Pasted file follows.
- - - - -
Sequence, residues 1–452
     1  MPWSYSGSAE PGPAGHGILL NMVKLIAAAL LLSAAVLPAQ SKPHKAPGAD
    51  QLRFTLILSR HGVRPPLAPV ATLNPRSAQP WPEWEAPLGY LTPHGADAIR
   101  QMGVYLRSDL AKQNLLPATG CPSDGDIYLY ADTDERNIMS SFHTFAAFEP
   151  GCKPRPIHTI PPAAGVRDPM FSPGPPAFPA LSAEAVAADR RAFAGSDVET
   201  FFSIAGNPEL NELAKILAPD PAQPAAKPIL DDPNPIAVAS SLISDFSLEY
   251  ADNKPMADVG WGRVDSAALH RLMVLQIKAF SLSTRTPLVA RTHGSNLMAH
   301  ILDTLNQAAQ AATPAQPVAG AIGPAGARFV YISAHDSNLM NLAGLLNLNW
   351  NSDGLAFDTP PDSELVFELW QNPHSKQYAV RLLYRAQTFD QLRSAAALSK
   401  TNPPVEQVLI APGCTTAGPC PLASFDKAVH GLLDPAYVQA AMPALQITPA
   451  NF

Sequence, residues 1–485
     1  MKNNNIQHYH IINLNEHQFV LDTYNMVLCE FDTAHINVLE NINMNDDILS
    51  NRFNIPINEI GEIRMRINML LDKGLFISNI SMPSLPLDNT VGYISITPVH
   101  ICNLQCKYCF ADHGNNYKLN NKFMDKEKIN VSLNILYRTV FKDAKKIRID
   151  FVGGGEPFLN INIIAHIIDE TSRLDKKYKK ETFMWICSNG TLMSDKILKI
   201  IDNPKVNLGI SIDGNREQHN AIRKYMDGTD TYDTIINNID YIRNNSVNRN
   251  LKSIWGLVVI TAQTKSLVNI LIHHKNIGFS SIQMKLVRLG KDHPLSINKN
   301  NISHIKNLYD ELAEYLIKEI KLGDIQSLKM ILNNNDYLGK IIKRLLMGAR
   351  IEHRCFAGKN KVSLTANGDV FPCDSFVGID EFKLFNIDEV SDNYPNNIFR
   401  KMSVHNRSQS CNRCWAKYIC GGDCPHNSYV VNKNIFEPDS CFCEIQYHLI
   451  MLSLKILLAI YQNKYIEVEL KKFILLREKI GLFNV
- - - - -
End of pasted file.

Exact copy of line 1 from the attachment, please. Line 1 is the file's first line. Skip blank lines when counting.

Sequence, residues 1–452